Currents: In addition to the unrealistic turnaround on the amount of time needed to process evidence and get lab results, what are some of the biggest misconceptions people have about CSIs?
Black: That you can always find more evidence if you just look harder. That evidence always ‘proves’ something when actually, it rarely does–usually it just indicates. If the victim’s blood is on the suspect’s shirt and he insists he never met her, that’s proof. If he found the body, then that’s completely unsurprising. And the biggest myth has to be that we can identify any substance that exists on the earth, when the truth is we simply do not have databases of every shade of wall paint or nail polish or perfume or motor oil. I can tell you its latex paint…that’s about it. I can’t tell you it’s Glidden Spread Satin in Dusty Rose. Now if you also give me a sample of Dusty Rose and I have pretty sophisticated equipment, I might be able to tell you they’re identical.
Currents: You write about a crime scene investigator–and are one. How much and what kind of research do you usually have to do?
Black: The advantage of working in the field is that I don’t have to research how crime scenes or evidence, or court testimony is handled. But of course, I do have to research fields I’m not familiar with, such as digital forensics or forensic botany or fraud investigation.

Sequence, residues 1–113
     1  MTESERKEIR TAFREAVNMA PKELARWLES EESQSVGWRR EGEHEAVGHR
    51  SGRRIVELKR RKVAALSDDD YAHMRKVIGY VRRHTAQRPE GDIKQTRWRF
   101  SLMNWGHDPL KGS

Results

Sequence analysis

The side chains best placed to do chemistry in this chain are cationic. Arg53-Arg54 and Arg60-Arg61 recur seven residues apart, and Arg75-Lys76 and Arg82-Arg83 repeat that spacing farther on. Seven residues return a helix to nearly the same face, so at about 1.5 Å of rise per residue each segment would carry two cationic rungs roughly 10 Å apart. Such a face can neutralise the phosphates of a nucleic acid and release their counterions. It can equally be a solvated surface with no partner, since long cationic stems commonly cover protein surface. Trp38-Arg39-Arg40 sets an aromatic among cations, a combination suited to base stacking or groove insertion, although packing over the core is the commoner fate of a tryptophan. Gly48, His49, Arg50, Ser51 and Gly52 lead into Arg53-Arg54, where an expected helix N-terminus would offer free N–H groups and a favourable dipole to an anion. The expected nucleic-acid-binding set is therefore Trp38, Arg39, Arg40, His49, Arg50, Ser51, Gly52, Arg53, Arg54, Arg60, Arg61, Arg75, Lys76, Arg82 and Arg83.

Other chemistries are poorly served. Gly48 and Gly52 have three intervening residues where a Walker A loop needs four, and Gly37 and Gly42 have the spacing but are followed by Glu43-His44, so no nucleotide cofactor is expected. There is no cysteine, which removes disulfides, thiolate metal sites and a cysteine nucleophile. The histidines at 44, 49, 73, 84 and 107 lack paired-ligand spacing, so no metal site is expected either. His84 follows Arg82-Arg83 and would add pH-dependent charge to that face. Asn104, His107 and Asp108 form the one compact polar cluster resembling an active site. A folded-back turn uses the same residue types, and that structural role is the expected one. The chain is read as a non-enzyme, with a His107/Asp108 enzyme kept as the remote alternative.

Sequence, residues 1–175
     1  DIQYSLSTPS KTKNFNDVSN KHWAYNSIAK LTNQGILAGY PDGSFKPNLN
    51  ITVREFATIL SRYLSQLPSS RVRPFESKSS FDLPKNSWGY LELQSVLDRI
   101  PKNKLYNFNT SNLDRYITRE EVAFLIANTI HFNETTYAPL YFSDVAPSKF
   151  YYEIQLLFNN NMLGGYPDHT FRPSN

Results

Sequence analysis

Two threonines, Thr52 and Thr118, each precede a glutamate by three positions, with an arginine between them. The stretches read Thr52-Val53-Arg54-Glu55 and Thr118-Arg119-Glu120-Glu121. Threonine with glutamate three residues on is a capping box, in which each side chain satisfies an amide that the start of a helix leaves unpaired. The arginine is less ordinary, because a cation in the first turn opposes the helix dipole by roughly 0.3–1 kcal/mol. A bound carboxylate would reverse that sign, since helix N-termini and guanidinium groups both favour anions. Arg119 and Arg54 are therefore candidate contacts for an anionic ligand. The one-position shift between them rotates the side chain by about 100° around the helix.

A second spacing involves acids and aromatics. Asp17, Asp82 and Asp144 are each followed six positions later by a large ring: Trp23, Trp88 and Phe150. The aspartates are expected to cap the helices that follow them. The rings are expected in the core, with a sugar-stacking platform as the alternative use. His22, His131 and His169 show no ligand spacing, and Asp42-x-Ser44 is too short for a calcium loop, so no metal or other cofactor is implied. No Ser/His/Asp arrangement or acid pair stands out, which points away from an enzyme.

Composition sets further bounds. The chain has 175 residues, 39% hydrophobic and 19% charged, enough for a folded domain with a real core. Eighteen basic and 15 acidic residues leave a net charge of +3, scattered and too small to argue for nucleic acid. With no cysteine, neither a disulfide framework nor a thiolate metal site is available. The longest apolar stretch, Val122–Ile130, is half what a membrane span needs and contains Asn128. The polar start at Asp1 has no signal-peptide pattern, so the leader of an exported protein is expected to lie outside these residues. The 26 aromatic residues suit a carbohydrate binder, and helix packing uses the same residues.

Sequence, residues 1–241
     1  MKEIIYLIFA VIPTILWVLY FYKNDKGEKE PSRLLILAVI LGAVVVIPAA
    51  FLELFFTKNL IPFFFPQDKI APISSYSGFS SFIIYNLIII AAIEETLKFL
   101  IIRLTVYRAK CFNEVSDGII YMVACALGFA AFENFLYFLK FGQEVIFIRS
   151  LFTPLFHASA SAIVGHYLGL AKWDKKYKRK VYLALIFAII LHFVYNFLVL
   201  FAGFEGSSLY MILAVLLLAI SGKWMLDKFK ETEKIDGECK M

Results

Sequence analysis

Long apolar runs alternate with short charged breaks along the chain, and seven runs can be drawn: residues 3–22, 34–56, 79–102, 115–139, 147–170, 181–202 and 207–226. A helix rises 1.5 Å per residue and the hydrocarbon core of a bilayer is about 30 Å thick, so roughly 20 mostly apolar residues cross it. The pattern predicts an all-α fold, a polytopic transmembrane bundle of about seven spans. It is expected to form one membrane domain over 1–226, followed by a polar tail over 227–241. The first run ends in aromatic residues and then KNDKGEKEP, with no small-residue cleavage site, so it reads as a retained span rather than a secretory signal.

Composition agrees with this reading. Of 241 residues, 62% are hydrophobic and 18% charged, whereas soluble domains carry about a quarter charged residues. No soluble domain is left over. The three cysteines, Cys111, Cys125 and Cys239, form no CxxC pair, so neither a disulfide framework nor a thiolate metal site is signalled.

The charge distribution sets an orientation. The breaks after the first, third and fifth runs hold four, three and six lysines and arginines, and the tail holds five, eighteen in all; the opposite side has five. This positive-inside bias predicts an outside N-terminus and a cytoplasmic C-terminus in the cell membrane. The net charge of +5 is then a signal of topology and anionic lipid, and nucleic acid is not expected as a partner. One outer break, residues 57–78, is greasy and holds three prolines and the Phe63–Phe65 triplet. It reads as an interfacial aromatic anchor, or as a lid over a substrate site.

Currents: How are your series protagonists Theresa MacLean and Maggie Gardiner different personally and professionally?
Black: They’re very different. Theresa was older with a teenage daughter and a large extended family that kept her grounded and stable. Maggie is much more of a loner, with only one distant brother in the world, and is a bit of a workaholic. This is partly why she has become bonded so tightly with Jack; he’s really the only person with whom she can be completely honest.
Currents: What are you working on now, and what’s next for Maggie Gardiner?
Black: Maggie and Jack are still a team, which is the most important thing to me. But right now, I’m working on a new character, a forensic pathologist with a complicated backstory, who’s going to wind up in the middle of a case with global implications.
To learn more about Lisa Black and her new novel Every Kind of Wicked, go to www.lisa-black.com. Follow her on Facebook, Twitter and BookBub.